Recovered from a junk heap on an abandoned planet and recreated
as a tiny droid, Glitch, star of Vivendi Universal’s
“Metal Arms: Glitch in the System,” is one badass
robot. A strange hybrid that melds the third person shooter with a
side-scrolling, puzzling-solving, coin-collecting adventure
(á la “Sonic the Hedgehog” or “Donkey Kong
Country”), “Metal Arms,” if nothing else, makes a
unique and often humorous, addition to the realm of console action

Julie Pannuto
And to think that R2-D2 was used as an ashtray. (Courtesy of Vivendi Universal)

The gameplay is fairly straightforward: Destroy the evil
overlord while saving your fellow droids from slavery and ending a
civil war. Glitch has an extensive array of weapons and accessories
at his disposal and can upgrade the destructive power of each
through barters with Shady and Mr. Pockets, two merchant droids
that show up throughout the course of the game. In addition to the
arsenal, Glitch can also hijack enemy bots and vehicles, utilizing
their powerful attributes to further his mission.

The colorful graphics are impressive and soak the game with a
lively and cartoonish feel. Particle effects from explosions and
reflections are all nice graphical touches and the expansive,
interactive levels are an absolute thrill to explore.

The controls of “Metal Arms,” however, are one of
the game’s biggest detriments. Glitch often does not respond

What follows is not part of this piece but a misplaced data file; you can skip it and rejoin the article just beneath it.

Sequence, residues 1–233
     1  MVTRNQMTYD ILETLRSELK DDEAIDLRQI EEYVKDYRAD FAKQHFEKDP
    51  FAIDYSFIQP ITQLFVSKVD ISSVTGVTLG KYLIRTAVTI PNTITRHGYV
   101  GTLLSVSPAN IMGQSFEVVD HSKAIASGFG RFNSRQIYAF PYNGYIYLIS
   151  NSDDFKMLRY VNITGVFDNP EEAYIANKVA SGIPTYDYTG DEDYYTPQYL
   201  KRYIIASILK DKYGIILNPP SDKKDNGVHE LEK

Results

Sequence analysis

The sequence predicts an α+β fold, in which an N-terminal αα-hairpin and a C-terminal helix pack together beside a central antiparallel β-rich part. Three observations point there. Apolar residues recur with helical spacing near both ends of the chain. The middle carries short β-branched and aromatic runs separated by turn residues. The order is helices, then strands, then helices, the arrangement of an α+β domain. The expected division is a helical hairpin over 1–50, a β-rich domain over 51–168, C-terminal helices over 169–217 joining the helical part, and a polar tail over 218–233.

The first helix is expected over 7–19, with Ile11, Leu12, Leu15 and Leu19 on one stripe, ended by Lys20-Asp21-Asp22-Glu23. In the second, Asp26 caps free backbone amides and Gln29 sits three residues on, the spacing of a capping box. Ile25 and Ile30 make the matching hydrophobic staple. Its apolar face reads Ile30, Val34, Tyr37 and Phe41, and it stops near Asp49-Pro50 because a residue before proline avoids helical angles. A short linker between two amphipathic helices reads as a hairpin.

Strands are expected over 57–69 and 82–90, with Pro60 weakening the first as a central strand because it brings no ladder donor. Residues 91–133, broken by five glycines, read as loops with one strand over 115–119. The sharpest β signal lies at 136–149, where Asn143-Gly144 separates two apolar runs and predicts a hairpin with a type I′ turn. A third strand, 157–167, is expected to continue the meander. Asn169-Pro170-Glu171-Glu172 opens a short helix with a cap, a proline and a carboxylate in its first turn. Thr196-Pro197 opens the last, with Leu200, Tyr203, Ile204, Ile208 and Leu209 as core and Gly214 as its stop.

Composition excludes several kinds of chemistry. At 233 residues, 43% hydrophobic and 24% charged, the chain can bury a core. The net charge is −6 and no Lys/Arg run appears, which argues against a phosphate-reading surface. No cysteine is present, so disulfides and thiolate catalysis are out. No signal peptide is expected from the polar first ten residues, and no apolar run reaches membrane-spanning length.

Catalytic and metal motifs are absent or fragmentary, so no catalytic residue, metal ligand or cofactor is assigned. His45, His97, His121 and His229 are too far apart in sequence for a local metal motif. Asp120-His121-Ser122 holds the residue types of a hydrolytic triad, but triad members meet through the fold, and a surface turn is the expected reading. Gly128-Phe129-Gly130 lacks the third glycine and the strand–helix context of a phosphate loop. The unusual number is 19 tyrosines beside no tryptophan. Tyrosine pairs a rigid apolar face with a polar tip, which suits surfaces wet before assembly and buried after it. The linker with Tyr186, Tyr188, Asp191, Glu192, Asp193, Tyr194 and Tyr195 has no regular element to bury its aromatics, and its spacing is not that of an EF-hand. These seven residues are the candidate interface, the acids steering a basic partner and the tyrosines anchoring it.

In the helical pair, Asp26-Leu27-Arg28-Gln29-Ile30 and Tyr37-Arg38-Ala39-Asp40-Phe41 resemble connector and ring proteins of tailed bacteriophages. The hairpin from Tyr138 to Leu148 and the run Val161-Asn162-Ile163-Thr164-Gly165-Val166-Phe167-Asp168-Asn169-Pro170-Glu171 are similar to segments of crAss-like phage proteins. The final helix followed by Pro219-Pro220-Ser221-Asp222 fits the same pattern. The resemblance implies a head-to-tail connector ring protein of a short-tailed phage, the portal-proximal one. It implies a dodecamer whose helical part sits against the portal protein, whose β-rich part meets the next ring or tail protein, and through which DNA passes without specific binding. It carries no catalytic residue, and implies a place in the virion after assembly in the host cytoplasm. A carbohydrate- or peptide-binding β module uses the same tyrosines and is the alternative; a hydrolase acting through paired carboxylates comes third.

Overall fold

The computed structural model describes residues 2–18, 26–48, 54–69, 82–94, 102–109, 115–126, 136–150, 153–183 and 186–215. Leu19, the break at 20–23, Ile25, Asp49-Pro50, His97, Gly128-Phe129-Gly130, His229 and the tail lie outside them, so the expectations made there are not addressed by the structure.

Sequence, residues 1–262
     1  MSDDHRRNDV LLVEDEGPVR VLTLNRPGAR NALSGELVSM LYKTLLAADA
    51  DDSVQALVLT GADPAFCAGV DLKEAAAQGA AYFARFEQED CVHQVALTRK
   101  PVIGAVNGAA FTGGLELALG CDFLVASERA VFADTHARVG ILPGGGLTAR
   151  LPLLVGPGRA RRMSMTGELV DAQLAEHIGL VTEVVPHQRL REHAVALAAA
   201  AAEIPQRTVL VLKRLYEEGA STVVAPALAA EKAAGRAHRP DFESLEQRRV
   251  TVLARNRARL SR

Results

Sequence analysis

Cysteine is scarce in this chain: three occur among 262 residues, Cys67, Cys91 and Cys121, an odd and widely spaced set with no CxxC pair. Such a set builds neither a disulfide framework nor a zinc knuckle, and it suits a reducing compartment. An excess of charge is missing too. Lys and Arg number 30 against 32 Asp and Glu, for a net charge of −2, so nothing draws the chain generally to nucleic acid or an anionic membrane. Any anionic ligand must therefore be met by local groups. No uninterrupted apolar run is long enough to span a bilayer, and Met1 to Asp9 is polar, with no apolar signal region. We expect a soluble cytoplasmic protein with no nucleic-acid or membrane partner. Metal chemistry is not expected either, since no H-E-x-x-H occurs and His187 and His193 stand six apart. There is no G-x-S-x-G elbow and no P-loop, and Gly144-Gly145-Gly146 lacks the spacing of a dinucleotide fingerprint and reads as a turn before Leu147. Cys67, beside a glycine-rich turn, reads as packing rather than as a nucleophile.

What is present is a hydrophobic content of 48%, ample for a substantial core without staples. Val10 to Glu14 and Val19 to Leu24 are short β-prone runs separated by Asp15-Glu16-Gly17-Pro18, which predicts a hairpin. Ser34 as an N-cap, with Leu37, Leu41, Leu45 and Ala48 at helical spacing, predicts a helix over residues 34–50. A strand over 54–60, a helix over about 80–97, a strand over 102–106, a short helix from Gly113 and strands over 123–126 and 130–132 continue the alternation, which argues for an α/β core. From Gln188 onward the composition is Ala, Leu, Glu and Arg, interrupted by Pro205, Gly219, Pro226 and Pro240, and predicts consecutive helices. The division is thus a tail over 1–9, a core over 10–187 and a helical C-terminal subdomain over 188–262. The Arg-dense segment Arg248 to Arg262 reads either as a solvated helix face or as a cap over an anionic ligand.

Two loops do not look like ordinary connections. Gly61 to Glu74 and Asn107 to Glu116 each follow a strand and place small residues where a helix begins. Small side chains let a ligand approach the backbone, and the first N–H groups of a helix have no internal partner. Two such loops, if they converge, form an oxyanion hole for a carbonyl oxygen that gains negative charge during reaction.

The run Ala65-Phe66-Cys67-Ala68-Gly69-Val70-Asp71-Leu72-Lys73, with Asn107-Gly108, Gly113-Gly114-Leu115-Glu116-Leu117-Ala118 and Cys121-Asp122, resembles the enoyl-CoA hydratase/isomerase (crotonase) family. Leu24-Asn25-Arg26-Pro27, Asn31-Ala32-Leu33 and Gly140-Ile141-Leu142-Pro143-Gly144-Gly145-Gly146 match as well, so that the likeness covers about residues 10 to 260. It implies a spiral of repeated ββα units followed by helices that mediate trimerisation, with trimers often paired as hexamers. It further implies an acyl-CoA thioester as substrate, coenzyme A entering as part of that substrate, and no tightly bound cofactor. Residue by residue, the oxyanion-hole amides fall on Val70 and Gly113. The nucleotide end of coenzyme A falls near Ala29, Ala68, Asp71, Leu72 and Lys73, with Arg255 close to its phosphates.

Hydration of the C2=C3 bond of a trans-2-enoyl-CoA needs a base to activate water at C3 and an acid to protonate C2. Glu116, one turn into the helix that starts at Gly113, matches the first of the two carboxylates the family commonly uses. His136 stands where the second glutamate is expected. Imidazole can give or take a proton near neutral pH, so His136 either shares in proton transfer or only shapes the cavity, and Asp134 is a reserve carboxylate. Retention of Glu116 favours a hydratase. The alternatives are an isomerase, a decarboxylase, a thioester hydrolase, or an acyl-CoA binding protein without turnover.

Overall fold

to commands quickly enough or he over rotates when requested to
turn, making necessary jumps and tight rope maneuvers more
difficult then they should be. Think back to the difficulty of
driving the fire truck or ambulance in “Grand Theft Auto
3” and one can see how loose controls can hamper gameplay.
Also, when intense firefights break out, the overly complicated and
unresponsive controls make it even harder to take out enemies and
ultimately result in an untimely demise.

In addition to that, Glitch’s damage is not registered
very well with the player. Usually, when a player is hit, the
controller will vibrate suddenly or the screen will shake.
Unfortunately, Glitch barely reacts, even in intense gunfire, and
it’s difficult to be sure how much damage he has received
until he suddenly explodes in a flurry of gears and sparks.

Vivendi Universal has laid the ground for a solid third person
shooter. If the nuisances that separate good games from great games
can be further ironed out, the next “Metal Arms” should
raise a few more eyebrows.

Review: 3 out of 5 stars

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